World this week
Germany rolls out world's first hydrogen train
Germany on September 17 rolled out the world's first hydrogen-powered train, signalling the start of a push to challenge the might of polluting diesel trains with costlier but more eco-friendly technology. Two bright blue Coradia iLint trains, built by French TGV-maker Alstom, began running a 100-kilometre (62-mile) route between the towns and cities of Cuxhaven, Bremerhaven, Bremervoerde and Buxtehude in northern Germany -- a stretch normally plied by diesel trains. "The world's first hydrogen train is entering into commercial service and is ready for serial production," Alstom CEO Henri Poupart-Lafarge said at an unveiling ceremony in Bremervoerde, the station where the trains will be refuelled with hydrogen. Hydrogen trains are equipped with fuel cells that produce electricity through a combination of hydrogen and oxygen, a process that leaves steam and water as the only emissions.
Killer storm stalks US
Catastrophic floods raised the threat of landslides and dam failures across the southeastern United States this past week, prolonging the agony caused by a killer hurricane that has left more than a dozen people dead and caused billions of dollars in damage. Downgraded to a tropical depression, Florence crept over South and North Carolina, dumping heavy rains on already flood-swollen river basins that authorities warned could bring more death and destruction. The National Weather Service Weather Prediction Center warned of "heavy and excessive rainfall over the next couple of days." There is an "elevated risk for landslides" in western North Carolina and southwest Virginia, as well as a danger of "catastrophic and life-threatening flash flooding" in parts of the Carolinas, it said.
Afghan, 'Bengali' immigrants to get citizenship: Pak PM
Pakistan's new premier Imran Khan has vowed to give citizenship to some Afghan refugees and Bengali immigrants, officials confirmed on September 17, granting rights to many who have lived in the country for decades. Urdu-speaking Biharis, who went to Pakistan after Bangladesh's Liberation war in 1971, are considered Bengalis there. The PM said that the identity crisis of thousands of Bengali and Afghan immigrants is pushing them to crime. "These immigrants have lived here for decades, their children were born here, but they don't have identity cards and passports," he said. The people of this deprived class can't get jobs without ID cards and passports, so our government has decided to issue them computerised national identity cards and passports, Khan said.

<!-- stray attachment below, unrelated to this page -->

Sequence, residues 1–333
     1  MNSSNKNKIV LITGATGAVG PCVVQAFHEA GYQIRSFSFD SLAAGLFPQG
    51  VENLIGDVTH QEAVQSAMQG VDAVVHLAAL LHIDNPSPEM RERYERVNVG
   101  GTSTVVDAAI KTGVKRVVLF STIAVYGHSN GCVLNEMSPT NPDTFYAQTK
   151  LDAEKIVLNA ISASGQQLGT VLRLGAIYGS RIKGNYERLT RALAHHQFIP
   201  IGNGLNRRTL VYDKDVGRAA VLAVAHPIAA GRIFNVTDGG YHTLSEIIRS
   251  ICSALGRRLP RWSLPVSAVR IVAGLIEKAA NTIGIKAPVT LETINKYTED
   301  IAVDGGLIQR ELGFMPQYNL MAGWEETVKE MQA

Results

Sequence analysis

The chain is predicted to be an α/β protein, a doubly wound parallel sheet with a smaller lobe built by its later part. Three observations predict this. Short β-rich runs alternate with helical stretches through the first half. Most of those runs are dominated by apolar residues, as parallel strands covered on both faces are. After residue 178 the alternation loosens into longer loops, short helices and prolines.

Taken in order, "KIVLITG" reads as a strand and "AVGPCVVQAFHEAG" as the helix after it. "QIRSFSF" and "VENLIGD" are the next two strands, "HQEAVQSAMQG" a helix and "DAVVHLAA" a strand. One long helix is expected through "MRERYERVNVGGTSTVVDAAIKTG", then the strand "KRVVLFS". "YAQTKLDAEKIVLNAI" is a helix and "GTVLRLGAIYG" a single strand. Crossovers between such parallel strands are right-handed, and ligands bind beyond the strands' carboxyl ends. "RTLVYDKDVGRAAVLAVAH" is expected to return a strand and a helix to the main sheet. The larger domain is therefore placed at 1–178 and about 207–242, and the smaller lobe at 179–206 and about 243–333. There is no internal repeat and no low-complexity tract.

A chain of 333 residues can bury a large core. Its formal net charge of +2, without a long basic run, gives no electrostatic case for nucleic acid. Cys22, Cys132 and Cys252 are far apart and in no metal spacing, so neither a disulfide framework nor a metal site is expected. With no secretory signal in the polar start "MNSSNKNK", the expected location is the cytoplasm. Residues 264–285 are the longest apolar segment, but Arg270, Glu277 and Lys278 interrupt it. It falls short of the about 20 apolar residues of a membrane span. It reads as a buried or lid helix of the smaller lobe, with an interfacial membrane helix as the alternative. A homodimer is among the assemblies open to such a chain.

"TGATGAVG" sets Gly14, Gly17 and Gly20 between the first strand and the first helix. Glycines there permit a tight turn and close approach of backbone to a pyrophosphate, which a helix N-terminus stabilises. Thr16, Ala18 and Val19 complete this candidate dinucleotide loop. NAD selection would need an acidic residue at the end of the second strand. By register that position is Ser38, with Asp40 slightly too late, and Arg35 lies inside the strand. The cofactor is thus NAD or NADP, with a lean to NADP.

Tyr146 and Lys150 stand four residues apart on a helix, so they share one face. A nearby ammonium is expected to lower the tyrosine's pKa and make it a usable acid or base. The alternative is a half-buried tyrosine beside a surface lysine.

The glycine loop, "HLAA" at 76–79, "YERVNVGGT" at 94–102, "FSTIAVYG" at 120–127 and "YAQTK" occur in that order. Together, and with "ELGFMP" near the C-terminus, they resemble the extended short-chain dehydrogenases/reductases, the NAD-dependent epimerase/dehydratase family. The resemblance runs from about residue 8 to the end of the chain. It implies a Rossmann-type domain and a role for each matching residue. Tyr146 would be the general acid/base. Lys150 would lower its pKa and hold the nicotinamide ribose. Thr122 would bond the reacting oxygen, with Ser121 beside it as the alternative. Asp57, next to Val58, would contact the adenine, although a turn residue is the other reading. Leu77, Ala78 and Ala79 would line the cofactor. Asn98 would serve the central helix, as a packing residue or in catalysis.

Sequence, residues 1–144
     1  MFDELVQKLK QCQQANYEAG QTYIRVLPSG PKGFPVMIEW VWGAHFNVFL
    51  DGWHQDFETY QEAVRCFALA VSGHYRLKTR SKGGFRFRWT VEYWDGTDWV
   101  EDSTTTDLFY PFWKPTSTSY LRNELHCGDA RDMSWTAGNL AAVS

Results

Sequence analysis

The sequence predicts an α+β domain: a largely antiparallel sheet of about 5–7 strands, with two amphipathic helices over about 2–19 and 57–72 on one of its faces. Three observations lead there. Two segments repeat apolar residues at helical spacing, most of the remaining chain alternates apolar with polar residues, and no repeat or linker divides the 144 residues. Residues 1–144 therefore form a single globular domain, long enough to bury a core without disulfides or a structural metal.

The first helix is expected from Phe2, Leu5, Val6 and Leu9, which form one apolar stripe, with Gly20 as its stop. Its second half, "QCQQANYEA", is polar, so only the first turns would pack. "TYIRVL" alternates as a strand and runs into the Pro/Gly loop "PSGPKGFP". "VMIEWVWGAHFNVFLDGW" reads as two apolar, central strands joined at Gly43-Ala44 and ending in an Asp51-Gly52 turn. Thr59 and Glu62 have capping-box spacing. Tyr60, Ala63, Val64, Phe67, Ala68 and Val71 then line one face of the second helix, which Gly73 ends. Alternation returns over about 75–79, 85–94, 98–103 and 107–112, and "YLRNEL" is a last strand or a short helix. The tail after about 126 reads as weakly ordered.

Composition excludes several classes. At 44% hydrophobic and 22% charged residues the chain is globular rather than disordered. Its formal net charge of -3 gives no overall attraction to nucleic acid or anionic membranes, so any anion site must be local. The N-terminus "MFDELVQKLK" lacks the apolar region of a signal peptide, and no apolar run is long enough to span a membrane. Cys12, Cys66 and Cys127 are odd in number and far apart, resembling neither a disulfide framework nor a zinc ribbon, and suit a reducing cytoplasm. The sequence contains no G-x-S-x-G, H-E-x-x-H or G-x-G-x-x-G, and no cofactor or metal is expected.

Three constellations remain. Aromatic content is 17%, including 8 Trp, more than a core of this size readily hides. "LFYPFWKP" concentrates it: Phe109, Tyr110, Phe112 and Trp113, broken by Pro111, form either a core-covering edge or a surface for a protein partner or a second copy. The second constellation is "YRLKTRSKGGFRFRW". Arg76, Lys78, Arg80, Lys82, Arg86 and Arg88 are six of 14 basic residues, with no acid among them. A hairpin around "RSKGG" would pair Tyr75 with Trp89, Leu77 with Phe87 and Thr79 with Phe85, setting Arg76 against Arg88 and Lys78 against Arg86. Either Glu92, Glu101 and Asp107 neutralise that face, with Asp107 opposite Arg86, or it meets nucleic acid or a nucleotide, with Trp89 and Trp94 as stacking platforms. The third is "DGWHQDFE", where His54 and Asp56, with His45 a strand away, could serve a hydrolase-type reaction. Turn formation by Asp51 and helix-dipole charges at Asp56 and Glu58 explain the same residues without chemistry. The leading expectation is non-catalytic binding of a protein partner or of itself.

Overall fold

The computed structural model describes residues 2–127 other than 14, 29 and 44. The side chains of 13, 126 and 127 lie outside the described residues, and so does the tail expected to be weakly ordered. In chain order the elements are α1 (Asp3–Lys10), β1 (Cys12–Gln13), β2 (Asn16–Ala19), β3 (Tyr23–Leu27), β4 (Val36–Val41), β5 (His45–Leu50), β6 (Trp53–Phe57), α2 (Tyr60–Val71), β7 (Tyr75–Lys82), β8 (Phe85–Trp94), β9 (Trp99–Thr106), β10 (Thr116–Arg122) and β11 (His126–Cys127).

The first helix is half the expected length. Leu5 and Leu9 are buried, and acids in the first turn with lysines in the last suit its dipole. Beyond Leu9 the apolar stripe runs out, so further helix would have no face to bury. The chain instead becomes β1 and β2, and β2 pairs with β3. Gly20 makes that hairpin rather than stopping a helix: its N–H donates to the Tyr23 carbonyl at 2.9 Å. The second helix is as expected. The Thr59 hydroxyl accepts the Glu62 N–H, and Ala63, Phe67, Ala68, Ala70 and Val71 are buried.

Manafort to cooperate in probe
President Donald Trump's former campaign chairman Paul Manafort agreed on September 14 to cooperate in the Russia collusion investigation in a plea deal that left the White House looking increasingly under siege by Special Counsel Robert Mueller. Manafort, who led Trump's election operation at the height of the campaign in the middle of 2016, admitted reduced charges of conspiracy just days before he was to go on trial for money laundering, illegal lobbying and witness tampering. The surprise deal brought to seven the number of people who have pleaded guilty in cases tied to Mueller's 16 month old investigation into whether the Trump campaign colluded with Russia. It suggested that Mueller is getting ever closer to Trump, his family and top staff in an operation that many speculate could generate an impeachment motion against the president.
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